Researchers at Nanyang Technological University (NTU) in Singapore, have developed a predictive computer program that uses data from wearable technology to detect individuals who are at increased risk of depression.
In trials using data from groups of depressed and healthy participants, the program achieved an accuracy of 80 per cent in detecting those individuals with a high risk of depression and those with no risk.
Powered by machine learning, the program, named the Ycogni model, screens for the risk of depression by analyzing an individual’s physical activity, sleep patterns, and circadian rhythms derived from data from wearable devices that measure his or her steps, heart rate, energy expenditure, and sleep data.
Depression affects 264 million people globally1, and is undiagnosed and untreated in half of all cases, according to the World Health Organization. In Singapore, the COVID-19 pandemic has led to increased concerns over mental well-being. A new study by Singapore’s Institute of Mental Health pointed to a likely increase in mental health issues, including depression related to the pandemic.
Activity trackers are estimated to be worn by nearly a billion people, up from 722 million in 2019.
To develop the Ycogni model, the scientists conducted a study involving 290 working adults in Singapore. Participants wore Fitbit Charge 2 devices for 14 consecutive days and completed two health surveys, which screened for depressive symptoms, at the start and end of the study, reports NTU.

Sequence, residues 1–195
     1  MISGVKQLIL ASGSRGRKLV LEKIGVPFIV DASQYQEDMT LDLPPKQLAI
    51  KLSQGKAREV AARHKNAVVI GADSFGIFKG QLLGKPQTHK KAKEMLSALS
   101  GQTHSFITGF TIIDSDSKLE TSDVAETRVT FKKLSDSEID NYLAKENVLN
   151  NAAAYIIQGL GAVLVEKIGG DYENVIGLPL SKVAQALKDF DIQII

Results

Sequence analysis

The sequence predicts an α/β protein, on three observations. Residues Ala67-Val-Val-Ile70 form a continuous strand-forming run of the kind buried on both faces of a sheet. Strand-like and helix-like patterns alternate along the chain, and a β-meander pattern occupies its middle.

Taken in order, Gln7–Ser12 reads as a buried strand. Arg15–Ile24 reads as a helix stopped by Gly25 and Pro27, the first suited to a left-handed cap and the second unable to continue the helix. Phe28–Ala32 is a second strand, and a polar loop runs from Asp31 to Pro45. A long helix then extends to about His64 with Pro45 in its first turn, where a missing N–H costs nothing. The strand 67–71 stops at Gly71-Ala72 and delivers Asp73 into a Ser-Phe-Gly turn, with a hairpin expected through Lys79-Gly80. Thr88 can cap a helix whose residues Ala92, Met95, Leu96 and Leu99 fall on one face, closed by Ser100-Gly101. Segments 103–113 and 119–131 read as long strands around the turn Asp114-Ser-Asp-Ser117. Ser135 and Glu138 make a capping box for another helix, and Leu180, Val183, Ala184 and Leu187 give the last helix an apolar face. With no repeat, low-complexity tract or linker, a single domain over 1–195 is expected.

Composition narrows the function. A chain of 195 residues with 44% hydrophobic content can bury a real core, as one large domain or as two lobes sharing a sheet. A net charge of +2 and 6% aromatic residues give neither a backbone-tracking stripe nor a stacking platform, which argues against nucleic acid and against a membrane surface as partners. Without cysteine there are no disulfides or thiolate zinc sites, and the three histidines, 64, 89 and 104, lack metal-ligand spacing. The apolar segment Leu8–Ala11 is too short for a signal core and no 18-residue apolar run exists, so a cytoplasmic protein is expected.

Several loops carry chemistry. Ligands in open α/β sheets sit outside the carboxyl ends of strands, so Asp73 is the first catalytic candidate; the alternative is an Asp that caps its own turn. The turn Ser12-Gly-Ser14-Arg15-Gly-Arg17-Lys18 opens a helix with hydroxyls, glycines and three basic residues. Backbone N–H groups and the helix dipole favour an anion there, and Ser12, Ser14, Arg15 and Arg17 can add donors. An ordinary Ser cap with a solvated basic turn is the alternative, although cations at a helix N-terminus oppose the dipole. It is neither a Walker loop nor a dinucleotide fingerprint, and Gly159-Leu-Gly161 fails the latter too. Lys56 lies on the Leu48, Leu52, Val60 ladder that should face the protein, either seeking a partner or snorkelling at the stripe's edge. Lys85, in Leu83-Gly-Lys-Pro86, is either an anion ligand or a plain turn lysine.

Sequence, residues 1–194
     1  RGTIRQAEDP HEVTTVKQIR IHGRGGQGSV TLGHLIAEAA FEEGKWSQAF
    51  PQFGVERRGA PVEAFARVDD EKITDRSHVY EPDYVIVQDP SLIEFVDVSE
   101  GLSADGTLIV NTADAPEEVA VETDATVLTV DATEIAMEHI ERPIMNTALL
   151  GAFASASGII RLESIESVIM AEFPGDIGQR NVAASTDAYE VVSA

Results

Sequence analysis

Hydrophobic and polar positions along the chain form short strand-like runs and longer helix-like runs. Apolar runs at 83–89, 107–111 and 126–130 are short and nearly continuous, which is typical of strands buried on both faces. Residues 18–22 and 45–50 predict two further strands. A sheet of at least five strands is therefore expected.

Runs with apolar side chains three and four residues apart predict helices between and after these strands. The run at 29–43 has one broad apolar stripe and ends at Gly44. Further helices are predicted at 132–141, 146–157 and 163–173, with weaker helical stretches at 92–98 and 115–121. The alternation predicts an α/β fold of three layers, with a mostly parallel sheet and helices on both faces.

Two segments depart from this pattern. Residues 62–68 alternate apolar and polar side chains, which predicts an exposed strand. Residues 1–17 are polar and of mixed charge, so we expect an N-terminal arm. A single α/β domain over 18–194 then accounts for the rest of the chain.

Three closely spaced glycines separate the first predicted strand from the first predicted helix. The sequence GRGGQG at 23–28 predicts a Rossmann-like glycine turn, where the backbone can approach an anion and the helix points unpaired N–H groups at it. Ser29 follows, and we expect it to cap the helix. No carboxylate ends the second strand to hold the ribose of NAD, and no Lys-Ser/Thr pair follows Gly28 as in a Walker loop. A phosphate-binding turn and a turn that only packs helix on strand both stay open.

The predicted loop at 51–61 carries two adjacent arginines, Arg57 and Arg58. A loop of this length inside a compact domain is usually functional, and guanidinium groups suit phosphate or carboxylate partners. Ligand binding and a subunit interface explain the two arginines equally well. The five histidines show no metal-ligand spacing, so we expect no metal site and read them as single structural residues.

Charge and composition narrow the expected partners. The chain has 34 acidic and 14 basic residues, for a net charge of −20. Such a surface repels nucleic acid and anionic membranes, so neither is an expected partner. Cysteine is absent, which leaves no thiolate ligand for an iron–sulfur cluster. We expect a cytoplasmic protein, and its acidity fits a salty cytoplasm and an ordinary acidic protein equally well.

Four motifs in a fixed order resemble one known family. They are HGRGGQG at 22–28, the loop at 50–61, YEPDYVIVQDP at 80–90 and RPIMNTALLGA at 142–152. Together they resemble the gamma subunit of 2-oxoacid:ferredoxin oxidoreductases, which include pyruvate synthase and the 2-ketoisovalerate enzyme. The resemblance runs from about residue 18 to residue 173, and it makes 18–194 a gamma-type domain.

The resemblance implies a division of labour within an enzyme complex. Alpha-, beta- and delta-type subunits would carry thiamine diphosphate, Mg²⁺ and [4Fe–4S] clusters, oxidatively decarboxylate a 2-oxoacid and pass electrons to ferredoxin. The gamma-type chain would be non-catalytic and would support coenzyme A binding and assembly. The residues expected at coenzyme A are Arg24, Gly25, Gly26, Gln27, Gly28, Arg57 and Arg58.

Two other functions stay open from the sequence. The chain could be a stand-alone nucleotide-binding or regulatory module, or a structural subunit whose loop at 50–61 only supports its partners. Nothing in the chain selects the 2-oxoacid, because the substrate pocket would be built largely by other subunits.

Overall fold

The average age of the participants was 33 years old, with the sample closely mirroring the ethnic population of Singapore. Participants were instructed to wear trackers all the time and to remove them only when taking a shower or when the device needs charging.
Professor Josip Car, Director, Centre for Population Health Sciences at NTU’s Lee Kong Chian School of Medicine (LKCMedicine), who co-led the study, said: “Our study successfully showed that we could harness sensor data from wearables to aid in detecting the risk of developing depression in individuals. By tapping on our machine learning program, as well as the increasing popularity of wearable devices, it could one day be used for timely and unobtrusive depression screening.”
Associate Professor Georgios Christopoulos, from NTU’s Nanyang Business School, who co-led the study, said: “This is a study that, we hope, can set up the basis for using wearable technology to help individuals, researchers mental health practitioners and policy makers to improve mental well-being. But on a more generic and futuristic application, we believe that such signals could be integrated with Smart Buildings or even Smart Cities initiatives: imagine a hospital or a military unit that could use these signals to identify people-at-risk.”
The results of the study were published in the peer-reviewed academic journal JMIR mHealth and uHealth in November.
Over the next year, the team hopes to explore the impact of smartphone usage on depressive symptoms and risk of developing depression by enriching their model with data on smartphone usage. This includes how long and frequent individuals use their mobile phones, as well as their reliance on social media.